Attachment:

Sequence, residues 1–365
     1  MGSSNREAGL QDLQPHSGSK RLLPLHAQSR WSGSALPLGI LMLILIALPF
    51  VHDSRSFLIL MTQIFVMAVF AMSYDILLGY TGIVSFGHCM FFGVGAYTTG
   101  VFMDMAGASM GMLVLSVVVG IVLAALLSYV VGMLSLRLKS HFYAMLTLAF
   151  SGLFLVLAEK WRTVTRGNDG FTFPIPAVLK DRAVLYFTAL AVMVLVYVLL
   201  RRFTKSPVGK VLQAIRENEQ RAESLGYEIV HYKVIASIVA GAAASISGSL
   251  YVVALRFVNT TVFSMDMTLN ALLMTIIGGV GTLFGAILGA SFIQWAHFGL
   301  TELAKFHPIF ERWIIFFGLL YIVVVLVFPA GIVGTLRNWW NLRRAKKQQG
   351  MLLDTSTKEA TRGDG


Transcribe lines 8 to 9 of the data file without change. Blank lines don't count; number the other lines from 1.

   301  TELAKFHPIF ERWIIFFGLL YIVVVLVFPA GIVGTLRNWW NLRRAKKQQG
   351  MLLDTSTKEA TRGDG